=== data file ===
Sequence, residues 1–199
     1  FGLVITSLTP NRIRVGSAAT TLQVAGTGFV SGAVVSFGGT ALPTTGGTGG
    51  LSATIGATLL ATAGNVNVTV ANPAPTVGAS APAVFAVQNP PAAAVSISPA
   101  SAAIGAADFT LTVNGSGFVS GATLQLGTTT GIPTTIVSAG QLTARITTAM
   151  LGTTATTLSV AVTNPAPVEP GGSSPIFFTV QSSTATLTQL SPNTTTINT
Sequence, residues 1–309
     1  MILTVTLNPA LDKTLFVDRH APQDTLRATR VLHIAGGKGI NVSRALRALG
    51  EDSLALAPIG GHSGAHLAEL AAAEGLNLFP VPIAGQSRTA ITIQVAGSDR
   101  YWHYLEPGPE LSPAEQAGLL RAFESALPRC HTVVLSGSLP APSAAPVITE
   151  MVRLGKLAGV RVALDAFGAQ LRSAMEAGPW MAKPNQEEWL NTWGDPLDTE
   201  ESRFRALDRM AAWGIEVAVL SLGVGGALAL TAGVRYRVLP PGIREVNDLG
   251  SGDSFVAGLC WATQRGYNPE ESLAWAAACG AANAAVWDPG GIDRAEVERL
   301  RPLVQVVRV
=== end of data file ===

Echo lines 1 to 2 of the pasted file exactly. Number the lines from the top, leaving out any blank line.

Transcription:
Sequence, residues 1–199
     1  FGLVITSLTP NRIRVGSAAT TLQVAGTGFV SGAVVSFGGT ALPTTGGTGG